"Need to get down there and fix the circuits," Pascal suggested after a few minutes of intense thought. For some reason he wasn't thinking too clearly, probably because of the lack of rest and the pressure of their predicament.

"I think the drag of the tow is holding our speed below that of the station at this angle of attack. We're losing way relative to the station. We need to quarter away to build up enough to catch it again," Louella said in a tired voice.

So saying, she let the wind take Primrose on a slanting course away from the station, building their speed once more. Back and forth they passed under the station, careful to avoid the lines that held the drogues in place, and trying the radio with each pass, but getting only static for their troubles. There was no way they could tell whether the station was aware of their plight or not.

Meanwhile Pascal had crawled forward to loosen the hatch to the lower deck and the heater connections. He had to check several times, because he kept forgetting what he had done. As far as he could tell, the heaters were working properly. He could even feel the warmth through the housings with his hand.

So that meant the problem wasn't the heaters, he reasoned slowly. Therefore, it had to be the vents. They must have been damaged whenever Thorn's rock had smashed against their keel. Maybe one of their collisions had warped them into uselessness. No way of telling from down here. Wearily he climbed back up and made his way to the cockpit to tell Louella the sad news.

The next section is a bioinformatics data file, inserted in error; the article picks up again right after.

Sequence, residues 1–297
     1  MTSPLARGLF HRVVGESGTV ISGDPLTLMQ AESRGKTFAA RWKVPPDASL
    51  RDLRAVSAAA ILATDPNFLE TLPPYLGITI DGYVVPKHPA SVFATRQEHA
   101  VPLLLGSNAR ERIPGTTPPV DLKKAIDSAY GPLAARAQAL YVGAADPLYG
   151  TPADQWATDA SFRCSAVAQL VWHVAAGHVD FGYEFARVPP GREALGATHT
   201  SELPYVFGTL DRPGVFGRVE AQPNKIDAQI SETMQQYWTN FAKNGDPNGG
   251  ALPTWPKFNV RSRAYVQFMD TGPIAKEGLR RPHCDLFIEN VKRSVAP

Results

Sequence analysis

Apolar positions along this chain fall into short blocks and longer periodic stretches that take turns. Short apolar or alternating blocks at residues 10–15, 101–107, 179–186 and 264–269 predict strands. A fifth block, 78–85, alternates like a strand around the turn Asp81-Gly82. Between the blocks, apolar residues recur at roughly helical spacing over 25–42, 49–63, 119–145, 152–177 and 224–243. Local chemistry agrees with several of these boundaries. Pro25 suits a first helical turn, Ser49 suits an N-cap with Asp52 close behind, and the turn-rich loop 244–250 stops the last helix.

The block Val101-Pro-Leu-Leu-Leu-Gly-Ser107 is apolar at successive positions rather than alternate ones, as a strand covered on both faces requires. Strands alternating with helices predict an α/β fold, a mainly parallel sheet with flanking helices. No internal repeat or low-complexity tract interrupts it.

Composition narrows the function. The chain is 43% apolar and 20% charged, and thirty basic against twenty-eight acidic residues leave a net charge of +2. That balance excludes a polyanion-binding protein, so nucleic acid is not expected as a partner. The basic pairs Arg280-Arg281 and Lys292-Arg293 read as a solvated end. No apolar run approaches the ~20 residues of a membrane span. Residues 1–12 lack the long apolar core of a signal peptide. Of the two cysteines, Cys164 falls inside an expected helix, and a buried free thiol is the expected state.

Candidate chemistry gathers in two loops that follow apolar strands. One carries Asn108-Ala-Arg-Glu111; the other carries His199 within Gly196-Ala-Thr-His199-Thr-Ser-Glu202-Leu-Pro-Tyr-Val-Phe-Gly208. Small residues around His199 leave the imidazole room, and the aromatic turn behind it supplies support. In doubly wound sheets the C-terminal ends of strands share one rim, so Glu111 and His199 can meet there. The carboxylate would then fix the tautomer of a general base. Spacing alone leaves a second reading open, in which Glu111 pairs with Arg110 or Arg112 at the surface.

"I knew we should have cast Thorn off when we had the chance," he said once he got his breath back.

"Too late to reconsider that now," she replied, too tired to even argue the point. Instead she appeared to be deep in thought.

In a few minutes Louella came up with a truly frightening solution: Pascal would simply go over to Thorn and switch on her heaters. That would provide enough lift to bring the both of them to the station's level.

"Maybe I should raise Thorn's sails, too," he suggested dryly. "Or even sail the damned thing up to the station by myself."

The sarcasm was lost on Louella, who was as tired and worn down as he. "Did you forget that we lost the sails, dear? No, just see if you can lighten the load for us."

"Maybe if we just cast off the tow," he began.

"Not after bringing it all this way you won't!" she shot back. "We're going to save both of them!"

Pascal wasn't sure if she meant Primrose and Rams or Thorn and the rock. Not that it matteredhe still had to go out on deck and dare Jupiter's fatal siren call once more.

He hoped his bowels would hold this time.

* * *

Slowly and with great care, he suited up and returned topside, clipping two safety lines in place as Louella flipped on the lights. Very carefully he worked his way to the edge of Primrose's deck clamping a deathlike grip on a stanchion to anchor himself in place.